Our reflexive thoughts and assumptions under pressure often lead us to feelings of fear, worry, and doubt. These reflexive thoughts and assumptions include, but aren’t limited to these:

We base our confidence on our most recent performance.

We assume we have to feel great to perform great.

We assume we are stuck in the present, pressure situation.

We fail to recognize our strengths and focus on our doubts.

The elite performers I interviewed boosted their confidence in unconventional ways. In this chapter, you’ll learn the methods these elite performers use to overcome their doubts and increase their confidence.

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5 Reframing from Anxiety to Taking Control

Peterson, Rick; Hoekstra, Judd Berrett-Koehler Publishers ePub

You are a professional glove hitter. Hit the glove!

—RICK PETERSON

There are many things about pressure situations which cause our anxiety levels to rise. The reasons include, but aren’t limited to, these:

We focus on goals or factors outside of our control.

We focus on outcomes rather than the process to achieve those outcomes.

We get overwhelmed by the perceived difficulty of the task.

We commit to doing too much.

Our expectations are too high because we use the wrong measuring stick.

We exaggerate the importance of the situation.

In this chapter, we share a number of antidotes to pressure that will lower your anxiety levels and put you back in control.

At the beginning of spring training every year, Rick asks his pitchers, “What’s your goal?” Most of the answers given center around outcomes like winning a certain number of games, or pitching a certain number of innings. Rick takes these answers as an opportunity to teach a lesson in goal setting. While many of us have been taught to set lofty, long-term-outcome goals, the type that show up on the back of a baseball card or a company financial statement, these goals are overrated in comparison to lesser-appreciated, short-term, bite-sized process goals.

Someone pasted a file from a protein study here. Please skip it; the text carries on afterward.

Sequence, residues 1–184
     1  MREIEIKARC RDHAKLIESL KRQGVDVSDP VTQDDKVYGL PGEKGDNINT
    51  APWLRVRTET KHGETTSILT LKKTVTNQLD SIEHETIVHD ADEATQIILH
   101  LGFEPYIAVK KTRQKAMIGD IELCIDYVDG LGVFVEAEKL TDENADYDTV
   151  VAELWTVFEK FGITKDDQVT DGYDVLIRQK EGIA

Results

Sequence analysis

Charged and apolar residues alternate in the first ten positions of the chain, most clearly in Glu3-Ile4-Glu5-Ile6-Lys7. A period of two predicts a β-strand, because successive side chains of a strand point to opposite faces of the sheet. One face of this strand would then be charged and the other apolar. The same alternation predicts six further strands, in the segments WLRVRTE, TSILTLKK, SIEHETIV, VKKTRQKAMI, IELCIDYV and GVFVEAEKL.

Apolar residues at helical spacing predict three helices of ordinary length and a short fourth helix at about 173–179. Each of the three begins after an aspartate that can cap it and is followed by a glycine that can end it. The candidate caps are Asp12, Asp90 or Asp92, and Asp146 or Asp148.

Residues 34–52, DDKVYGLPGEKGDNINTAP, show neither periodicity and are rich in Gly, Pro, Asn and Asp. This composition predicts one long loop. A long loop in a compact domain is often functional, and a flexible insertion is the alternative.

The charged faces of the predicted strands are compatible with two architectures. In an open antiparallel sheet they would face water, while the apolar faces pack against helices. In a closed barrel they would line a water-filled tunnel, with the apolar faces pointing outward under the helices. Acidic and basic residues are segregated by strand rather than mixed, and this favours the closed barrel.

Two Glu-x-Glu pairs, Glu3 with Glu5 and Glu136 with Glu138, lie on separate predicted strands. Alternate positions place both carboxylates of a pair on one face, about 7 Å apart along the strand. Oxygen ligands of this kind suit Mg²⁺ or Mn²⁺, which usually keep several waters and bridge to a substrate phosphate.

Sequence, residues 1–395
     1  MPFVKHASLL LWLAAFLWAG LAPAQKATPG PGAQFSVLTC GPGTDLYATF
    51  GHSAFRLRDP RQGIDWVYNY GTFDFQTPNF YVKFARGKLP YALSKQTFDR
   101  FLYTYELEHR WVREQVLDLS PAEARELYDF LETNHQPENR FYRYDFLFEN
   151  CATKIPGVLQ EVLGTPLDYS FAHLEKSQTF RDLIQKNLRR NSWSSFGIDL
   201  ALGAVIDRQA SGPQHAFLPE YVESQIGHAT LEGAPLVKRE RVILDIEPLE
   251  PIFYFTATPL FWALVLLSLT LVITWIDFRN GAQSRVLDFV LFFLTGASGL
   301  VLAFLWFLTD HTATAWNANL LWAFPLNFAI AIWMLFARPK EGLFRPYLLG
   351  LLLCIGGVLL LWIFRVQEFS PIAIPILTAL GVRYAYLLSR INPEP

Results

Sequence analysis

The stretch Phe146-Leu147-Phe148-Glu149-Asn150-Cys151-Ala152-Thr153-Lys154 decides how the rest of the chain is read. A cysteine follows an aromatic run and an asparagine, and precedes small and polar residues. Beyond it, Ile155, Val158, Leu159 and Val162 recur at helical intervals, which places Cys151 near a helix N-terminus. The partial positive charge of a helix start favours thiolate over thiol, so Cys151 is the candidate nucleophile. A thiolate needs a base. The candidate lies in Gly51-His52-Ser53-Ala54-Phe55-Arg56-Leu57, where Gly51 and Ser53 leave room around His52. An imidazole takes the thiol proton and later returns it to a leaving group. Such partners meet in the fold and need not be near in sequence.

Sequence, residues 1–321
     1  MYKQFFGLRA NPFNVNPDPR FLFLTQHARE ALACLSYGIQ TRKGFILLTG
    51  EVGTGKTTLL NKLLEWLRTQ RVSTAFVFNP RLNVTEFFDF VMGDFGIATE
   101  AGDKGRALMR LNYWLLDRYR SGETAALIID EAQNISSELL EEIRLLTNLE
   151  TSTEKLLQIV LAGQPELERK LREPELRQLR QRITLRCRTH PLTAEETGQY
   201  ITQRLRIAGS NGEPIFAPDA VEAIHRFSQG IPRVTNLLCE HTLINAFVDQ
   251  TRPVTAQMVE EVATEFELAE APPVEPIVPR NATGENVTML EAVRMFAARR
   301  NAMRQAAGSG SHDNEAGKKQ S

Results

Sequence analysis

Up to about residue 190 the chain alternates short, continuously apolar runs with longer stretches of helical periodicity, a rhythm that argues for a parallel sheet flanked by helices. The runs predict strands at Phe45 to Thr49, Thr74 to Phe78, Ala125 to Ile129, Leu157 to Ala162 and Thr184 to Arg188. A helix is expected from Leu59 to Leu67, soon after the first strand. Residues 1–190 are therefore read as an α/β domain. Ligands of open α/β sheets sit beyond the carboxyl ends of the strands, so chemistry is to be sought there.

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A Index of Stories

Peterson, Rick; Hoekstra, Judd Berrett-Koehler Publishers ePub

Introduction: Rick and Izzy

Rick and Izzy (Rick Peterson and Jason Isringhausen), p. 1

Chapter 1: Reframing—The Shortest Path from Threat to Opportunity

Reframing examples (Jack Cakebread, Colonel Lewis Burwell Puller, Ronald Reagan), p. 9

Chapter 2: Why Reframing at Crunch Time Is Necessary

Reframing Cole’s hockey tryout (Judd, Sherry, and Cole Hoekstra), p. 28

Chapter 3: Reframing from Trying Harder to Trying Easier

Take the grunt out. (Sandy Koufax), p. 43

The accidental world record (Katie Ledecky), p. 44

Try Easy applied to filmmaking (Steven Soderbergh), p. 45

Be extraordinary by being ordinary. (Rick Peterson and the 2001 Oakland A’s pitching staff), p. 49

I don’t need to be better than I already am. (Millionaires’ Magician Steve Cohen), p. 49

Chapter 4: Reframing from Tension to Laughter

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Chapter 5 - The War Years (1940–1946)

Mitchel P. Roth University of North Texas Press ePub

The War Years (1940–1946)

“He'll be riding in a lot more rodeos—his sentence is 307 years.”

—Rodeo Announcer, 1941

PEARL Harbor was still more than a year away when 100,000 fans attended the four Sunday October TPRs in 1940. In the lead-up to that year's shows several warm-up rodeos were hosted at the Eastham Unit, where an estimated 2,000 inmates and outside visitors took in the informal performances by 135 convict cowboys.1 More than 75 percent of the prison system's 6,500 inmates would later be treated to at least one of the four upcoming shows in Huntsville, brought in from scattered prison farms in “big red cattle trucks sandwiched between armed cars.” This didn't include the convict cowboys and others who were under the impression they could handle a wild bull or horse with a “belly full of bedsprings.” Whether they won or not, each rider was guaranteed three dollars per day in so-called “day money” as they competed for even more prize lucre while proudly garbed in traditional cowboy regalia—ten-gallon hats, cowboy boots, chaps, and whatever personal flourishes they wished to add.

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Chapter 9 - The Fund Just Appeared Footloose and Fancy Free (1954–1960)